Wheels: Custom Built Single Speed Gravel Wheelset with Hope Pro 4 SS/Trials Rear Hub & Hope Pro 4 Front Hub (https://dcrwheels.co.uk/)
Tyres: Schwalbe G-One R Rear 700x45c, Schwalbe G-One Bite 700x45C Front
Crank: Middleburn RO2 X-TYPE 38T
Bottom Bracket: Hope
Top Cap: Limited edition by Bently Components (Money raised went to prostate cancer charities)
Headset: Vintage Hope in Gold
Handlebar: PNW Coast 520mm
Handlebar Tape: Brooks
Stem: Deda Superleggero Custom Painted
Brakes/Levers: TRP Hylex Levers/ Hope RX4 Calipers
Seatpost: Titanium (Unknown Brand)
Saddle: Brooks C13 (145mm)
Bottle Cages: Unknown Titanium of some description.
Front Rack & Basket: Custom Rack in Gold Cerakote & Wald 137 Basket
Bags: Lovingly made by Richard's wife Claire
The 3D printed bell/bar end plug is nice little extra, which allows you to add a Spur Cycles bell.
Grant's bike: tracklocross is a thing!
Grant’s bike is a tracklocross (basically cyclo-cross on track bikes), with slightly more aggressive geometry. The frame and forks are built from Columbus tubing and paired with their Futura Cross fork. This allows clearance for up to a 700x45c tyre.
Wheels: Custom Built Single Speed Gravel Wheelset with Hope Pro 4 SS/Trials Rear Hub & Hope Pro 4 Front Hub
Tyres: Schwalbe G-One Ultrabite 700x45c Front, Schwalbe G-One Bite 700x45C Rear
Crank: Middleburn RO2 X-TYPE 38T
Bottom Bracket: Shimano
Headset: Ride Works
Handlebar: Ultimate USE Carbon Nail with 20mm Rise
Handlebar Grips: ESI
Stem: Ultimate USE Race 100mm
Brakes/Levers: Sram Guide R
Seatpost: Ultimate USE Carbon Duro 27.2mm
Saddle: Brooks C17
Bottle Cages: Sim Works John Cage
Bags: Handmade Bags from Richard’s Wife Claire
Support: Front Bag Support Tight Bicycle Company
Built in only four days by Richard, this wee beauty features a Columbus Zona, HSS and Max tubing. The Gevenalle shifters and custom carbon wheels really elevate this bike to another level - and it is, I heard, the smallest bike Richard has built!
Wheels: Custom Built DCR Carbon Gravel Wheelset (https://dcrwheels.co.uk/)
Tyres: Schwalbe G-One Ultrabite 700x45c
Crank: Middleburn RO2 X-TYPE
Bottom Bracket: Shimano
Front Deraileur: Shimano Ultegra R8000
Rear Derailleur: Shimano Ultegra R8000
Headset: Ride Works
Handlebar: Genetic Driser 4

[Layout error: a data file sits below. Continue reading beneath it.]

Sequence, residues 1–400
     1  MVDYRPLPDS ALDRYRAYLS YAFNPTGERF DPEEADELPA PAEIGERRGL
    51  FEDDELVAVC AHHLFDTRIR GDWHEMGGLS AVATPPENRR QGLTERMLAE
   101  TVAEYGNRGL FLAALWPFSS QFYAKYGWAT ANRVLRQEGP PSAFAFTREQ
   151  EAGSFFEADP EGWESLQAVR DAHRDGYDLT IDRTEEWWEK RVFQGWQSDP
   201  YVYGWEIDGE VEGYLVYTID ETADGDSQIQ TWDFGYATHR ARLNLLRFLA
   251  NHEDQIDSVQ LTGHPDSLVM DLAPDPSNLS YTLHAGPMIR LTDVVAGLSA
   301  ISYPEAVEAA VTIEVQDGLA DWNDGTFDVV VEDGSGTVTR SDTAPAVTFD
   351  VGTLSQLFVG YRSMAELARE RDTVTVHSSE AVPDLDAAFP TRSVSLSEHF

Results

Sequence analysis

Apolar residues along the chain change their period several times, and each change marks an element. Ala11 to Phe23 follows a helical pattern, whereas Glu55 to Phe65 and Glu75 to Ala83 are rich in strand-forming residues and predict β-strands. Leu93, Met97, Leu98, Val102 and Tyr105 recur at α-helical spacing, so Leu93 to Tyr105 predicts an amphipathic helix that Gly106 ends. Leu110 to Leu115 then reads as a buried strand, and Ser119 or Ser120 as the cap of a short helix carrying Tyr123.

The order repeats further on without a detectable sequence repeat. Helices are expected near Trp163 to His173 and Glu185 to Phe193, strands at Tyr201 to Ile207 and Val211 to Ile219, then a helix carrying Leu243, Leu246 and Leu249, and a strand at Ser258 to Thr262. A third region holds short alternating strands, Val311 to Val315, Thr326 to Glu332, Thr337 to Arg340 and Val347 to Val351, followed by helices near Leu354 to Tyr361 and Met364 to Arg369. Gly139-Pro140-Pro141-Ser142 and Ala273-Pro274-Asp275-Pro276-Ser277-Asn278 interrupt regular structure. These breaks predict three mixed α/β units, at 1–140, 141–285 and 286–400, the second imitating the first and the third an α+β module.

Stem: Genetic AQ
Brakes/Levers: TRP Hylex
Seatpost: Genetic STV
Saddle: Brooks C17s (Shame they don’t make these anymore.)
Steve's bike - Fairlight Faran
We're waiting for Steve to get one of Richard's (R.G Evans & Co) bikes so this time, we're featuring his rather stunning Fairlight build, which managed to keep up with us very well on the East Anglian Way adventure.
Frame: Fairlight Faran 2.0
Hope RS4 Hubs, stainless BB30 and jockey wheels
Wheels: DT Swiss GR531 rims
Tyres: Schwalbe G One Speed
Drivetrain: White Industries G30 cranks
Wolf Tooth Camo spider & chainring
SRAM Apex 11s & HS2 rotors
Chris King headset
Thomson stem & post
Handlebars: Salsa Cowchippers
Shimano XT pedals
Portland Design Works fenders
King Manything fork cages
Nitto M18 rack
Restrap frame bag & fork bags
Wizard Works Mini Shazam bar bag
[Photos by Steve Tse, Richard Evans, Grant Wildman]
I heard about this route earlier in the year, kept meaning to check it out as its basically on my doorstep. But if you went the flat way to Harwich clearly missed out going via Mistley as thats a very hilly part for Essex,and Id have chosen the Alma Inn for a break with food if I missed the Harwich ferry. Old Felixstowe to Bawdsey, its a not inconsiderable 24miles ish extra to make up if its not running, for the long way round, but the route then didnt take the Butley to Orford ferry in as well ? as thats quite an extra detour around if not.
Pump Street Bakery is good for instagram influencers, but I think its better to head for Snape Maltings cafe which you must have passed by as its the only bridge over the Alde, the downside is your route back to the coast is along the A1094 which isnt fun to ride, or just dig in and push northwards on to the Minsmere RSPB reserve whose cafe is legendary, and a far better stop than Sizewell B to look at, though its less off road than the route looks from the video.
Southwold Id have recommended the Lord Nelson or Sole Bay Inn for food, though your camp site was north of the town, whilst there is a camp site south of it by the harbour, which brings the Harbour Inn in to play plus Walberswick for all the mixing with celebrities from London spotting.
as for the sand, well yes its killed many a groupset of mine, there are fwiw really sandy roads you can take, and some not so sandy roads that are more like compact gravel routes just without the gravel part, its replace by sand and flints instead, so definitely always stick with good gravel tyres